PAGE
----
Monica and Donavyn, a couple from Alabama, took their 22-month-old son Chance to the dentist to get two of his teeth capped.
Chance wasn’t in any pain prior to the appointment. It was supposed to be a simple, routine procedure that would fix some dental decay.
During the appointment, Donavyn watched as the dentist started working in Chance’s mouth. He told Donavyn that Chance would need a root canal — but that’s when his parents say things took a very disturbing turn.
“He’ll file some more teeth down, he’ll start shaking his head, I watched [the filing tool] get the tops of his gums,” Donavyn told KFOR. “It hurts my heart to see my son go through that.
It also hurts my heart because I allowed them to do it, thinking they were professionals.”
At some point during the procedure, Chance’s parents say the dentist and his staff tried several times to get one of the caps to stick to his newly filed teeth, but they eventually gave up.
“The dentist kept explaining that they had never done a procedure on a child this small, and they really didn’t know what to do,” Monica recalled. “And mid-through the process they just stopped and said there was nothing they could do and kind of left the room and left my ex-husband in there with him.”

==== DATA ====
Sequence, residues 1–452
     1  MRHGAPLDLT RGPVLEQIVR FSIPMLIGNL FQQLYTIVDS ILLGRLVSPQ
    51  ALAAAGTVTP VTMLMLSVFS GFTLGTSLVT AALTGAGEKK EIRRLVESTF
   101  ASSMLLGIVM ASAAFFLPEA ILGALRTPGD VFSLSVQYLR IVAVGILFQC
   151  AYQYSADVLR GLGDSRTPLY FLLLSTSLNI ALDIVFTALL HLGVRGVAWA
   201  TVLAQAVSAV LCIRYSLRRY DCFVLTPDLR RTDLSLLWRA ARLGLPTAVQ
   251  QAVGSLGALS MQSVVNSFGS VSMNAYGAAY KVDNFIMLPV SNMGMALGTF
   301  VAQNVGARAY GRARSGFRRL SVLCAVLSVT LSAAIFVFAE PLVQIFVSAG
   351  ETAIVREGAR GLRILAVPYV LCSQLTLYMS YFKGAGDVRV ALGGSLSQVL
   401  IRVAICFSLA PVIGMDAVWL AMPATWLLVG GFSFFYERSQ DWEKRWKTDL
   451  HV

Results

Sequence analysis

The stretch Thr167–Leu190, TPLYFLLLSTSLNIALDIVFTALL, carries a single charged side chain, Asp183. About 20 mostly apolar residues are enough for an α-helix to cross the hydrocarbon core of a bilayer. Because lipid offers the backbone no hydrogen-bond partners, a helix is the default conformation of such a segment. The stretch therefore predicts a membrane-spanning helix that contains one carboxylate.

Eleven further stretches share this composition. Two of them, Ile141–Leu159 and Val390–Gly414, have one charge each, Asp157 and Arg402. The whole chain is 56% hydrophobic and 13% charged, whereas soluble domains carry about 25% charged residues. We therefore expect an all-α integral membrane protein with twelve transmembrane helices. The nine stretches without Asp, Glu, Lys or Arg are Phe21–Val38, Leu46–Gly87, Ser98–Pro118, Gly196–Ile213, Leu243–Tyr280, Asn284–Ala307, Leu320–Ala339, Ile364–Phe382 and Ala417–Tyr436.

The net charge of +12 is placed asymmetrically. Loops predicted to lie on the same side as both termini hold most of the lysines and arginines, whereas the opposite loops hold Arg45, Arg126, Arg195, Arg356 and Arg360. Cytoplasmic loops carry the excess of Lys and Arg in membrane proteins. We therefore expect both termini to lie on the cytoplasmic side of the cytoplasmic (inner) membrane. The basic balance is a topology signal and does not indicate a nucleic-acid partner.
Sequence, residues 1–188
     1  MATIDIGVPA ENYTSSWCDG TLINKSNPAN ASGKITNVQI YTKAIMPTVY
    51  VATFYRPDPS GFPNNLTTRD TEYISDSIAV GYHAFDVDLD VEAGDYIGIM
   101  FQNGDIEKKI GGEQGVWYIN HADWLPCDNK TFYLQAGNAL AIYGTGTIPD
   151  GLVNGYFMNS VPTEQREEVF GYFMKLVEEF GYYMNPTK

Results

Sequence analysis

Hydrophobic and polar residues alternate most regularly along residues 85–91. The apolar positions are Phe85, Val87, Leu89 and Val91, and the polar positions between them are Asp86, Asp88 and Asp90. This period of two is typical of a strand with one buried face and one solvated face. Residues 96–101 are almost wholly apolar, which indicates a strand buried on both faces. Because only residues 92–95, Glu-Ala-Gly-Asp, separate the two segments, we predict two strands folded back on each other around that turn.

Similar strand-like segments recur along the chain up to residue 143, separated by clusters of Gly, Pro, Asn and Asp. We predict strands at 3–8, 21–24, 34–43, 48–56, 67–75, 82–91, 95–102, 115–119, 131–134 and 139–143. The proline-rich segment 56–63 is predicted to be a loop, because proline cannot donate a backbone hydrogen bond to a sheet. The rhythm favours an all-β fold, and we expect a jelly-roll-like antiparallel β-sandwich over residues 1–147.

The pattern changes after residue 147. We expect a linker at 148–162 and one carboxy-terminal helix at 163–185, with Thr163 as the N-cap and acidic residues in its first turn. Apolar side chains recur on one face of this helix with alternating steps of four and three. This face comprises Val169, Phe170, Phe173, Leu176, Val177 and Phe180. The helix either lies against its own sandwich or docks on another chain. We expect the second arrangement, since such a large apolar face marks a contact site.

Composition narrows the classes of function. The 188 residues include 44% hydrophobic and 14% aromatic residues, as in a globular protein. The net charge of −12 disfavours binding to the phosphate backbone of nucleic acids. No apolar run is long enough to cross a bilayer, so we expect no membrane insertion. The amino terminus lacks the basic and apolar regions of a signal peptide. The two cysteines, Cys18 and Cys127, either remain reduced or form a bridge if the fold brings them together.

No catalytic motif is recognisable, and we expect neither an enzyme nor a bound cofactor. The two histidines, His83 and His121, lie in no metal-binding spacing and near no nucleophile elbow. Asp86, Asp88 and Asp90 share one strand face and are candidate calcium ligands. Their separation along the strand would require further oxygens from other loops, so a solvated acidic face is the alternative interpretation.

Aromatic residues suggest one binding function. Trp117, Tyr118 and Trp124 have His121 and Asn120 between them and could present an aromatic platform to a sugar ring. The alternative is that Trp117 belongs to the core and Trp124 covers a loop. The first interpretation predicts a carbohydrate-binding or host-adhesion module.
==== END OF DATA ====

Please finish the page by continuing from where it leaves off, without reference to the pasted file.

Chance left the dentist’s office swollen and in pain, and with four front teeth that were so shaven down that they were sharp to the touch.
He was in such bad shape that Monica and Donavyn rushed him to the emergency room.
It was there that the ER doctors realized just how poorly Chance’s dental visit had gone, and the lasting effects it could have…
A clarinetist claims she could literally lose face after an allegedly botched procedure by a Manhattan dentist.
Boja Kragulj, who has performed in orchestras in Philadelphia and New York, claims in a $10 million lawsuit that her face could “prematurely age” because of “irreversible” bone loss from the work of Martha Cortes.
Facing the prospect of double jaw surgery after lifelong dental and breathing problems, Kragulj turned to Cortes in 2013 for an alternative. The dentist, who has an office on Central Park South, treated Kragulj unsuccessfully for years before placing a device called an Anterior Growth Guided Appliance, or AGGA, and controlled arch braces, in the musician’s mouth.
The AGGA was supposed to be a substitute for jaw surgery by stimulating new bone growth, helping to move Kragulj’s teeth and jaw forward and improve her airway. Instead, Kragulj claims in court papers, the device left her in worse shape than before.
AGGA is “unproven [and] not supported by medical knowledge or science,” according to the lawsuit.
Now Kragulj could lose four to six front teeth, and, over time “vertical dimension” — the space between her nose and chin — leading to the early aging of her face, she alleges.
Cortes should have known the AGGA wouldn’t work as advertised and failed to immediately repair it when part of it broke, according to Kragulj’s Manhattan Supreme Court lawsuit.
It’s unclear how the dental disaster impacted the musical career of Kragulj, who is suing Cortes along with others.
Cortes did not respond to a message.